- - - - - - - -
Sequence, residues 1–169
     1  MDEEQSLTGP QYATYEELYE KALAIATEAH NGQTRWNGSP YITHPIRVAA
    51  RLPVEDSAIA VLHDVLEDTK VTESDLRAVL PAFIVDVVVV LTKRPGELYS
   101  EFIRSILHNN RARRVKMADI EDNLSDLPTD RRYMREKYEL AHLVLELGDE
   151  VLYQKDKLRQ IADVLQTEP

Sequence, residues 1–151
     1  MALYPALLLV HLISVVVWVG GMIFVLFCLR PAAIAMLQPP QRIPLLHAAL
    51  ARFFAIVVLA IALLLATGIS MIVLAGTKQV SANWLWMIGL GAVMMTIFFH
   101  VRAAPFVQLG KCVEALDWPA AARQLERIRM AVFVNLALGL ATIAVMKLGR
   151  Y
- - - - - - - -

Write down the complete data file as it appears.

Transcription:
Sequence, residues 1–169
     1  MDEEQSLTGP QYATYEELYE KALAIATEAH NGQTRWNGSP YITHPIRVAA
    51  RLPVEDSAIA VLHDVLEDTK VTESDLRAVL PAFIVDVVVV LTKRPGELYS
   101  EFIRSILHNN RARRVKMADI EDNLSDLPTD RRYMREKYEL AHLVLELGDE
   151  VLYQKDKLRQ IADVLQTEP

Sequence, residues 1–151
     1  MALYPALLLV HLISVVVWVG GMIFVLFCLR PAAIAMLQPP QRIPLLHAAL
    51  ARFFAIVVLA IALLLATGIS MIVLAGTKQV SANWLWMIGL GAVMMTIFFH
   101  VRAAPFVQLG KCVEALDWPA AARQLERIRM AVFVNLALGL ATIAVMKLGR
   151  Y